There have been many Irish Inventions created over the centuries that have had a positive and lasting effect and have helped change the world for the better.
The Irish have always been creative and ingenious people. So, perhaps it should come as no surprise that they are responsible for creating so many important inventions that have helped change the world.
From healthcare to alcohol to deep-sea exploration, these Irish inventions have helped to revolutionise and improve many aspects of life throughout the world. This article will list what we believe to be the top five Irish Inventions that changed the world.
5. Submarine – forever changing deep-sea exploration
John Philip Holland’s invention forever changed the world’s approach to how deep-sea exploration was conducted. From then on, sea warfare would be different.
In 1881, Holland launched his invention, the Fenian Ram, which was a huge success and helped him win three competitions held by the US Naval Department to design and construct submarines.
The US Navy were so ecstatic with his invention that they bought their first submarine from him. Its name was the Holland VII, and they went on to purchase a further six.
Holland’s invention had a massive effect on how people explored the sea and provided armies with a new weapon and tool in warfare.
4. Colour photography – adding life to people’s photographs
John Joly was an Irish physicist and inventor who worked at Trinity College. He also invented dozens of innovative and genius products throughout his life.
While John Joly was the inventor of many great things, perhaps his most popular and widely used invention would be that of colour photography.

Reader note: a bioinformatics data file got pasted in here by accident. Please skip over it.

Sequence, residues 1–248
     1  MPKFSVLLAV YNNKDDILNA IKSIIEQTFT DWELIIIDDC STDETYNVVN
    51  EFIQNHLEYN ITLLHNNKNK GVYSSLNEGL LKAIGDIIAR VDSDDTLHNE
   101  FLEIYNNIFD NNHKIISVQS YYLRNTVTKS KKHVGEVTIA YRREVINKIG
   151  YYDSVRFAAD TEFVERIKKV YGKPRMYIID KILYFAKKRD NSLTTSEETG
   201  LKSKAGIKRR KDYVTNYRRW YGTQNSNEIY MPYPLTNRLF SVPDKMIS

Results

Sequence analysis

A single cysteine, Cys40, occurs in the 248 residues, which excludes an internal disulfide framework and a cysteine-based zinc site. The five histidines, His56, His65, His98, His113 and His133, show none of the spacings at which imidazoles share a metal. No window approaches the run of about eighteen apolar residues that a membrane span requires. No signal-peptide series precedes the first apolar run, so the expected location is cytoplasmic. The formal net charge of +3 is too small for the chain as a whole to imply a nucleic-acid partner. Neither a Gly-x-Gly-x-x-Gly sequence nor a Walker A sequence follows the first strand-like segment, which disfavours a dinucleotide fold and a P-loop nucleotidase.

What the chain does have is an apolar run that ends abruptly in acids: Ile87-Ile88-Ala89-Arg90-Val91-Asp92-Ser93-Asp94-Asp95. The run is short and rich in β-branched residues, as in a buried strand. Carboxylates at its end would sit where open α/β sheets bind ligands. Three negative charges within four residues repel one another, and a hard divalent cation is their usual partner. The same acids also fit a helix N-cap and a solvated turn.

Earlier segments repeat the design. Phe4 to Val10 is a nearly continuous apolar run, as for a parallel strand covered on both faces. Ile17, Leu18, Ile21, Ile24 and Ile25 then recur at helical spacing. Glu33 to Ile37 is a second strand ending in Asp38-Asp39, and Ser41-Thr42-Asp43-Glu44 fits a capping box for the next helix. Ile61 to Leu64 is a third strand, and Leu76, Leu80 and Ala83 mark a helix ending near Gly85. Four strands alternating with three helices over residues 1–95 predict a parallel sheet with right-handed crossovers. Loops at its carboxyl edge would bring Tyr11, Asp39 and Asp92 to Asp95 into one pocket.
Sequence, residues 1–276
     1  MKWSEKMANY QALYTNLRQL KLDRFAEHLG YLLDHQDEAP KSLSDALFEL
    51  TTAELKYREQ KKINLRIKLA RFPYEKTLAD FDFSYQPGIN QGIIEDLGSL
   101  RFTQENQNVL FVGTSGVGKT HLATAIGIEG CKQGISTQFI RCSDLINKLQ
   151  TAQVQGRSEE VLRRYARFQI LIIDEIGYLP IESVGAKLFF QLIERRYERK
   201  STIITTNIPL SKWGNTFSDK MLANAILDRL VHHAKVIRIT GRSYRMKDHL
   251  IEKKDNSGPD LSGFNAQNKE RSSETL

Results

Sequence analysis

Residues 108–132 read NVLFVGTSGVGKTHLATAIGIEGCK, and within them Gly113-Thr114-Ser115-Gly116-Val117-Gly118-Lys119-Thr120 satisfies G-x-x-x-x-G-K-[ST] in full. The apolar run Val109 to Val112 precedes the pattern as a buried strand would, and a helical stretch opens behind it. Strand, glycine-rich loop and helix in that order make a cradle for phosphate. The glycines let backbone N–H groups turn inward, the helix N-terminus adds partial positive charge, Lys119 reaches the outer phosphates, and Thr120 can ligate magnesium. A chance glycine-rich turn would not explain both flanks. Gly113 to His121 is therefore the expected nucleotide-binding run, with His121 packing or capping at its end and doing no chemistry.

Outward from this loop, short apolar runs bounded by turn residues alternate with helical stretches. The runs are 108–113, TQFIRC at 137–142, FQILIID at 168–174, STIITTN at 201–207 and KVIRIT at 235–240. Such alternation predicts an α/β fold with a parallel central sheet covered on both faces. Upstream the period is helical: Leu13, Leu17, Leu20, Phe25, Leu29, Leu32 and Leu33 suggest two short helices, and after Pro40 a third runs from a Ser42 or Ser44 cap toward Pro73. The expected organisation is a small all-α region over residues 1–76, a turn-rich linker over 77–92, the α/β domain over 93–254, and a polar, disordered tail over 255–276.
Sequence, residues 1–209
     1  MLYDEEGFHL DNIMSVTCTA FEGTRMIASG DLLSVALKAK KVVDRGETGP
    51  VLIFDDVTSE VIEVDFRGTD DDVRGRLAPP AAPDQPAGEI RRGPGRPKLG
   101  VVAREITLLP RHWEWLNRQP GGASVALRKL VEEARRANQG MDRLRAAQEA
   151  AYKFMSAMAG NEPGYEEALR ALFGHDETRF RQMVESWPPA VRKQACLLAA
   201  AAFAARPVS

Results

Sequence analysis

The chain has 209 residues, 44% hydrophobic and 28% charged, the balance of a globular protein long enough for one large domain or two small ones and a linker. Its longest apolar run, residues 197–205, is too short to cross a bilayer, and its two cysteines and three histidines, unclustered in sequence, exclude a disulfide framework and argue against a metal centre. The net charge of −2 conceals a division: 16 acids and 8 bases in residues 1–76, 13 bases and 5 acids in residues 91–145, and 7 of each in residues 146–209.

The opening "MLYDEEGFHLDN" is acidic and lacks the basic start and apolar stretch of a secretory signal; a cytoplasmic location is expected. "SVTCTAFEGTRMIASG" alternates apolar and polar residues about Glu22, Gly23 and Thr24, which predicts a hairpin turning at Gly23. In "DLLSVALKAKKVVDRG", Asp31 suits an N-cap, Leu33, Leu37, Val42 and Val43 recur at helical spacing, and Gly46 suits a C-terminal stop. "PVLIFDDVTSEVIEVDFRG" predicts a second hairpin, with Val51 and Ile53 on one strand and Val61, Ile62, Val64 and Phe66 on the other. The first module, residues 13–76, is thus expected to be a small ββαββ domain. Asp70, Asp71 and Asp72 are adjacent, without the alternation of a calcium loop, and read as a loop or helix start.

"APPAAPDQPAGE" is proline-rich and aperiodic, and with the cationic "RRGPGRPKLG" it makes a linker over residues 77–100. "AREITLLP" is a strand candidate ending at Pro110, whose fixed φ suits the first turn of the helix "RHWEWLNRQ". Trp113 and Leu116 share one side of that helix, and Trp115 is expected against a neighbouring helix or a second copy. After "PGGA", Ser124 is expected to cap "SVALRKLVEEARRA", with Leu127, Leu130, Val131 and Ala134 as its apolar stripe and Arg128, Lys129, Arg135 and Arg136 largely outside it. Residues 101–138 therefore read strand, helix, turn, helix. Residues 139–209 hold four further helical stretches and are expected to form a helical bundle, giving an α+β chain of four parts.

In 1894, John Joly discovered an effective method of producing colour photos from one specific plate.
He used a plate marked with thin coloured lines and glass in the camera that then sat in the front of the photo. This made the photo-taking process simpler and made colour photography a possibility.
3. Portable defibrillator – an invention which has helped to save countless lives
In 1965, professor Frank Pantridge’s invention of the emergency defibrillator helped to change and modernise emergency medicine across the world. The first model of his portable emergency defibrillator was purely operated from car batteries and weighed approximately 70kg (154lbs).
His first prototype was installed in a Belfast ambulance and was a huge success. There is a statue of him and his invention in Lisburn, outside Lisburn Conference Centre, Lagan Valley Island.
Ever since emergency defibrillators have literally become life savers worldwide, today, Professor Frank Pantridge is fondly remembered as the ‘father of emergency medicine’ and the man who invented a device that has helped save millions of people in the past 50 odd years.
2. Hypodermic syringe – a very important medical device
In second place and the second medical-related invention on our list is the hypodermic syringe which Francis Rynd created.
If you have ever had to have a local anaesthetic or an injection, you are one of the billions of people worldwide who have benefited from Francis Rynd’s invention, which he invented in 1844.
The Dublin doctor came up with the idea when treating a patient suffering from face pain for years.
As she wasn’t getting any positive results from her morphine pills, Rynd came up with the genius and revolutionary idea of inserting morphine directly under the patient’s skin to close her nerves and relieve her pain.
It worked, and the world had been gifted with one of the most important medical tools.
1. Guinness – Ireland’s most famous export
Finally, in first place on our list of what we believe to be the top five Irish Inventions that changed the world is the most famous alcoholic drink in the world and Ireland’s most popular and successful export, which is the one and only Guinness.
So, Guinness was created by Arthur Guinness. He first started brewing it in Leixlip, County Kildare, before moving to the famous St. Jame’s Gate brewery, which remains one of Ireland’s most popular tourist attractions today.
Arthur Guinness was so confident that his invention would succeed that he amazingly took out a 9,000-year contract in 1759!
That concludes our article on the top five Irish Inventions that changed the world. Are there any other great Irish inventions that you think deserve a position on our list?